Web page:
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Sex-Specific Impairment of Spatial Memory following a Reminder of Predator Stress

Year: 
2012
Researcher(s): 
Hanna Burke, Cristina Robinson, Bethany Wentz, Jerel McKay, Kyle Dexter, Julia Pisansky, Jeffrey Talbot, and Phillip Zoladz
Institution: 
Ohio Northern University
Discipline: 
Psychology

Post-traumatic stress disorder (PTSD) is characterized by cognitive impairments, which may result from intrusive, traumatic memories. One factor potentially influencing the development and maintenance of intrusive memories is prefrontal cortex development, a phenomenon associated with age. The present studies examined how age influences the effects of emotional memories on rat physiology and behavior. Adolescent and adult rats were exposed to predator stress and given water maze training five weeks later. Prior to memory testing, the rats were given a reminder of the predator stress. The results indicated that a reminder of the stress experience impaired long-term spatial memory in the female, adolescent rats only. These findings may have implications for the development of intrusive memories and the increased risk that females have for PTSD.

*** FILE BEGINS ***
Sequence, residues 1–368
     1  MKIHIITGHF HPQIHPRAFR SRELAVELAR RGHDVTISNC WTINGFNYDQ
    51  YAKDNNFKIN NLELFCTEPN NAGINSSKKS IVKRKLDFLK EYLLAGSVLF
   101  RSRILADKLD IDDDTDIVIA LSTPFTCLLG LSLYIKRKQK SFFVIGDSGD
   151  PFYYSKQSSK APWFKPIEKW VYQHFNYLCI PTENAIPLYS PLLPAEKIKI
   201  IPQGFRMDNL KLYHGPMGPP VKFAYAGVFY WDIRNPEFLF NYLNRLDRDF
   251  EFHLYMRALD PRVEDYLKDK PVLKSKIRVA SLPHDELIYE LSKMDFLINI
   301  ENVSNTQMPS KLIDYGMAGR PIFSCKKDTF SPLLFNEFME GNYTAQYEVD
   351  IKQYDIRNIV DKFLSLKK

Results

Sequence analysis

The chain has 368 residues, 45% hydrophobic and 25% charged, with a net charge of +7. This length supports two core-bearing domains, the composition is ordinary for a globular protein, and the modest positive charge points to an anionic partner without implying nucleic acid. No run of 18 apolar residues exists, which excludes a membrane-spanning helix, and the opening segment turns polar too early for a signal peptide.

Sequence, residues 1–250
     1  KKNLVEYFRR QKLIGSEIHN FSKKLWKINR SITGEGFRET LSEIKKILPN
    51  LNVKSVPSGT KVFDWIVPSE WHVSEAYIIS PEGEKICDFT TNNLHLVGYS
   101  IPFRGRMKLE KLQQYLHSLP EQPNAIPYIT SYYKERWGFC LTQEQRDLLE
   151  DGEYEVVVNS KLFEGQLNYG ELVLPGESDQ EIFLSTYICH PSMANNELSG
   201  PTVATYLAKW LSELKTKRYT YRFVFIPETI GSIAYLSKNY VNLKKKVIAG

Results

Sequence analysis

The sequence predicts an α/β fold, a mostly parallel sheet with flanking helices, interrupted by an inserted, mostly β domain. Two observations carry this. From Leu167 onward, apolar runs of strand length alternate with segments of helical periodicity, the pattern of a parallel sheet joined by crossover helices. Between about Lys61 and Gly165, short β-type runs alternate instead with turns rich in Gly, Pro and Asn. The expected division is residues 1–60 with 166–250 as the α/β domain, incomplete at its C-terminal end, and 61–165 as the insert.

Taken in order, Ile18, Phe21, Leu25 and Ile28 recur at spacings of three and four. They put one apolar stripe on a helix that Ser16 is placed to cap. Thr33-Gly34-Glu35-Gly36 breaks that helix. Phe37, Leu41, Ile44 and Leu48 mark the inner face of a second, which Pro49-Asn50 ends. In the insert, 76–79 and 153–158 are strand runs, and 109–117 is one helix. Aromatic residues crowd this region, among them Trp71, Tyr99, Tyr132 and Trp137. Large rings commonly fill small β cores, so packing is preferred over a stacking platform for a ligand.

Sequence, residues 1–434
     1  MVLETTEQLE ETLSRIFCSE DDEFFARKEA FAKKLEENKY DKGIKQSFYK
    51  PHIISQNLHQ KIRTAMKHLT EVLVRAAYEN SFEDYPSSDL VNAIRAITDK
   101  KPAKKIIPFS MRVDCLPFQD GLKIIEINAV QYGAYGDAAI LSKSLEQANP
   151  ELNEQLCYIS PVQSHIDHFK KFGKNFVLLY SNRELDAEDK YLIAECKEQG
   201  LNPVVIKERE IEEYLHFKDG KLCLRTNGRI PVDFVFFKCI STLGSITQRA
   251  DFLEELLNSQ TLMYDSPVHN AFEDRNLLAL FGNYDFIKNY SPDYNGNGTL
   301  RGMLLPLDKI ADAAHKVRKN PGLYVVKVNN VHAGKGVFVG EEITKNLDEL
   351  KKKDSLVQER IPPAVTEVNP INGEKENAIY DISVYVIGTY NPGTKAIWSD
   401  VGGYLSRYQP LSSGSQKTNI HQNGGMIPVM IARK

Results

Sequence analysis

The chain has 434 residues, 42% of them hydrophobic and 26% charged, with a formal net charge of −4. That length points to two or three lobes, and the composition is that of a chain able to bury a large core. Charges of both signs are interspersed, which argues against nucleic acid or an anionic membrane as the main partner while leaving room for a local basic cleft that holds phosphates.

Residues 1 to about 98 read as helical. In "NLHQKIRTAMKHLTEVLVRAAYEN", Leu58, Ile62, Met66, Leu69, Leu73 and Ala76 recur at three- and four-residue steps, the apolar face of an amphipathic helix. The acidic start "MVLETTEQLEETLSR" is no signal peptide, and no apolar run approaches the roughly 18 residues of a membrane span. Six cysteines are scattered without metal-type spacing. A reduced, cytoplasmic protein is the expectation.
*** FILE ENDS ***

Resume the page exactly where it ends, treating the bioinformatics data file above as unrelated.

Society for Neuroscience, New Orleans, LA